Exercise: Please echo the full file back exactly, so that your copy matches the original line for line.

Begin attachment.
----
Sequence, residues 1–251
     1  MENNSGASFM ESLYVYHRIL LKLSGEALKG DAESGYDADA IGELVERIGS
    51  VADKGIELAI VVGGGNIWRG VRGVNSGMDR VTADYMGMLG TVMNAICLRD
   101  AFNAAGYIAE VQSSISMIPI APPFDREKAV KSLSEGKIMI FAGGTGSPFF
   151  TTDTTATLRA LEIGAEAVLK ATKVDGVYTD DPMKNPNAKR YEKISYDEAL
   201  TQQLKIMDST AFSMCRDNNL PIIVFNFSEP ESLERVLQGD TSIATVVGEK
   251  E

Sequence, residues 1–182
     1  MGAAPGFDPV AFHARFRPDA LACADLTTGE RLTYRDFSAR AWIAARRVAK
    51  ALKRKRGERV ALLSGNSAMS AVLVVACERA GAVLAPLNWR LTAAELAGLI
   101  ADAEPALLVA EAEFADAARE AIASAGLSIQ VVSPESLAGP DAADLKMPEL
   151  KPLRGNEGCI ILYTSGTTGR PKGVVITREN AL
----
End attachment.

Sequence, residues 1–251
     1  MENNSGASFM ESLYVYHRIL LKLSGEALKG DAESGYDADA IGELVERIGS
    51  VADKGIELAI VVGGGNIWRG VRGVNSGMDR VTADYMGMLG TVMNAICLRD
   101  AFNAAGYIAE VQSSISMIPI APPFDREKAV KSLSEGKIMI FAGGTGSPFF
   151  TTDTTATLRA LEIGAEAVLK ATKVDGVYTD DPMKNPNAKR YEKISYDEAL
   201  TQQLKIMDST AFSMCRDNNL PIIVFNFSEP ESLERVLQGD TSIATVVGEK
   251  E

Sequence, residues 1–182
     1  MGAAPGFDPV AFHARFRPDA LACADLTTGE RLTYRDFSAR AWIAARRVAK
    51  ALKRKRGERV ALLSGNSAMS AVLVVACERA GAVLAPLNWR LTAAELAGLI
   101  ADAEPALLVA EAEFADAARE AIASAGLSIQ VVSPESLAGP DAADLKMPEL
   151  KPLRGNEGCI ILYTSGTTGR PKGVVITREN AL